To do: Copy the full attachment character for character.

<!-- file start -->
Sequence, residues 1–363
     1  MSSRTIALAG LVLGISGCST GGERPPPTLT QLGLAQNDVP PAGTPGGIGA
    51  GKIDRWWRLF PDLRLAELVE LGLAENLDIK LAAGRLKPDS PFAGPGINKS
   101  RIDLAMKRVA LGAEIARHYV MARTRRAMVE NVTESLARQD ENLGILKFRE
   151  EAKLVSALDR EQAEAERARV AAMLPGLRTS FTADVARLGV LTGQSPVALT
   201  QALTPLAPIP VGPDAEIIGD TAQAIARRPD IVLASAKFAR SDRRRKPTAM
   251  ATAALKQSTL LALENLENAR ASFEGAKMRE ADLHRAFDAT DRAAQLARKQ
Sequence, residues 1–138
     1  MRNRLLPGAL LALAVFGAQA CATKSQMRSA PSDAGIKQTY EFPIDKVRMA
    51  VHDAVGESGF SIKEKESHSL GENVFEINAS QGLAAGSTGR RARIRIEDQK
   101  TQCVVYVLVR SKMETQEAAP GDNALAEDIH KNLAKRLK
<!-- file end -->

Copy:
Sequence, residues 1–363
     1  MSSRTIALAG LVLGISGCST GGERPPPTLT QLGLAQNDVP PAGTPGGIGA
    51  GKIDRWWRLF PDLRLAELVE LGLAENLDIK LAAGRLKPDS PFAGPGINKS
   101  RIDLAMKRVA LGAEIARHYV MARTRRAMVE NVTESLARQD ENLGILKFRE
   151  EAKLVSALDR EQAEAERARV AAMLPGLRTS FTADVARLGV LTGQSPVALT
   201  QALTPLAPIP VGPDAEIIGD TAQAIARRPD IVLASAKFAR SDRRRKPTAM
   251  ATAALKQSTL LALENLENAR ASFEGAKMRE ADLHRAFDAT DRAAQLARKQ
Sequence, residues 1–138
     1  MRNRLLPGAL LALAVFGAQA CATKSQMRSA PSDAGIKQTY EFPIDKVRMA
    51  VHDAVGESGF SIKEKESHSL GENVFEINAS QGLAAGSTGR RARIRIEDQK
   101  TQCVVYVLVR SKMETQEAAP GDNALAEDIH KNLAKRLK